Sun and Java. Apple and QuickTime. AOL and instant messaging. It’s a mixed blessing when a company’s most-interesting assets don’t come with a ready-made windfall.
AOL claims that about 40% of Americans from age 14 to 24 use AOL Instant Messenger (a.k.a. “AIM”). They say that 2.3 billion messages a day are sent through their systems — 1.6 billion through AIM and 760 million through ICQ.
Wow. That’s over 25,000 messages a second, folks.
(Speaking of ICQ, AOL acquired them in 1998. You’d think that an ailing company would be careful about redundancy, but nearly five years later ICQ effectively operates as a separate entity with a separate web site, separate servers, and separate client software for several operating systems in several languages. The way that ICQ’s integration into AOL’s business remains half-finished is probably helpful for understanding how well AOL has a handle on costs.)
So, AOL has an amazingly popular service that they can’t possibly be breaking even on with ad revenue. The question investors are asking is, “now what?” AOL’s new senior management (unlike that pesky old senior management?) says that they have an answer.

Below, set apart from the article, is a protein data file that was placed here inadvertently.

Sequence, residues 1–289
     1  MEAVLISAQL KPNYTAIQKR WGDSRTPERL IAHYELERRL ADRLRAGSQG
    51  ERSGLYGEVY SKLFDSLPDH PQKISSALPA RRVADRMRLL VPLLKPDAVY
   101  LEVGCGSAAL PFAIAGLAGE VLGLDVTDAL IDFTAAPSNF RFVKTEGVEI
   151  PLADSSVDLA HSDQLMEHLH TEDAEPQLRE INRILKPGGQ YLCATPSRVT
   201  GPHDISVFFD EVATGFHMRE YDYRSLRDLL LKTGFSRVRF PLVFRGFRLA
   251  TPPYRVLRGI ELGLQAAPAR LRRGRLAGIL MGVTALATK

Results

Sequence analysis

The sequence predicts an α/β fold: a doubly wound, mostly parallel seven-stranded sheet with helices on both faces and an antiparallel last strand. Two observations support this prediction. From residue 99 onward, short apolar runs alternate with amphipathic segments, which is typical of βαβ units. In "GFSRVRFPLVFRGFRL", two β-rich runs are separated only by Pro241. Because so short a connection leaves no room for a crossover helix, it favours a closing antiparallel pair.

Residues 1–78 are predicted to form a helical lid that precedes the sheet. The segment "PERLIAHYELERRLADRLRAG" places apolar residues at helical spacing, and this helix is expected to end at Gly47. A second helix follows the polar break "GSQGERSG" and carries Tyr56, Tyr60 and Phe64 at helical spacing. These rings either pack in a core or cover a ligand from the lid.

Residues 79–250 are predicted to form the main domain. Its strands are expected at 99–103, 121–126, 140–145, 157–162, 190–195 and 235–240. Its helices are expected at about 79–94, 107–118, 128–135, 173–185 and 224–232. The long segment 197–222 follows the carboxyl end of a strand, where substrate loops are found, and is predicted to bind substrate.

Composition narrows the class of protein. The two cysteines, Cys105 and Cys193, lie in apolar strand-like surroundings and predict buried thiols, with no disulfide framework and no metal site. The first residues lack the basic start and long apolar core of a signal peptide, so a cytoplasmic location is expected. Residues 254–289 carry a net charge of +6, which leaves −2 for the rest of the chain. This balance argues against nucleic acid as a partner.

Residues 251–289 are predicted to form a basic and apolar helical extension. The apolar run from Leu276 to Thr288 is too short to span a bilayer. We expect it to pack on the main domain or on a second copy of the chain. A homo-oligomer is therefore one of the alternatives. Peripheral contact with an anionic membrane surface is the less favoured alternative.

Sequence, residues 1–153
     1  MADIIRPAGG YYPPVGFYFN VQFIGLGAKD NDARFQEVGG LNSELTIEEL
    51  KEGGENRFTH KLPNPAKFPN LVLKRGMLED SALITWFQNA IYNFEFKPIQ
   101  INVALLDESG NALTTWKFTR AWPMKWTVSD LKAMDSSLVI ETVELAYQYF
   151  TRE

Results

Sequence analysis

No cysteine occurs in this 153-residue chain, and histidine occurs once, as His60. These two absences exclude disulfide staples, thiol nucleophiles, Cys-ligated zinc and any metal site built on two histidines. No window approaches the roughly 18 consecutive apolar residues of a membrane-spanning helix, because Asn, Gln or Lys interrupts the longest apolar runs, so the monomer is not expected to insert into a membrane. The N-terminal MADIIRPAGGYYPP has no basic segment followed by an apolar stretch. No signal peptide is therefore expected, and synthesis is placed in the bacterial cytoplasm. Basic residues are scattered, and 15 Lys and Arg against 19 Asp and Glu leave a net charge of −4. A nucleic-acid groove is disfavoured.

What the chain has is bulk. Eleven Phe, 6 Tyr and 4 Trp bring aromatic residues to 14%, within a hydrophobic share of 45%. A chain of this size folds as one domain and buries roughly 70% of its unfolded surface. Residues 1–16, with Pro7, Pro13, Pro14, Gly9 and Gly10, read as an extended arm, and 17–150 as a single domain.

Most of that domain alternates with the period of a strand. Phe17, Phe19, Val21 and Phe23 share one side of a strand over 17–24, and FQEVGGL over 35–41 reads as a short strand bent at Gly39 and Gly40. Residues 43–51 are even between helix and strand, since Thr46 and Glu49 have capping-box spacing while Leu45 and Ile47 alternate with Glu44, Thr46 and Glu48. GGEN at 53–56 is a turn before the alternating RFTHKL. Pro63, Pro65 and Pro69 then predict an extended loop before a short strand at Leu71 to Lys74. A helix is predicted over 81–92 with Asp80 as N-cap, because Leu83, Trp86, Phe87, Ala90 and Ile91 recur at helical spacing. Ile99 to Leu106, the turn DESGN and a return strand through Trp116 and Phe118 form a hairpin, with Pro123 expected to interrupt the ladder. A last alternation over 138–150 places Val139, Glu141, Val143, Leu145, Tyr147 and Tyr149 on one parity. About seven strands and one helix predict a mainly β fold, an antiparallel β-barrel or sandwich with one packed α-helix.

…it is no surprise that America Online’s new senior management, led by chief executive Jonathan F. Miller, has focused on IM, as it is known, as a powerful tool with the potential to provide the company with the fresh revenue needed to restore growth.
First, AOL will “attack” (the article’s word) the corporate marketplace. As one example of of the attack, AOL will be allowing Hewlett-Packard to devise new IM features to meet the specific needs of individual businesses.
Personally, I’m not sure how long The World will allow AOL to tell them what they can and can’t do with chat. Once technologies become commodities, standards always win. If AOL continues to play chicken with standards rather than drive them (although it’s probably too late for that), they’re going to turn around one day to discover that everyone’s happily chatting without them.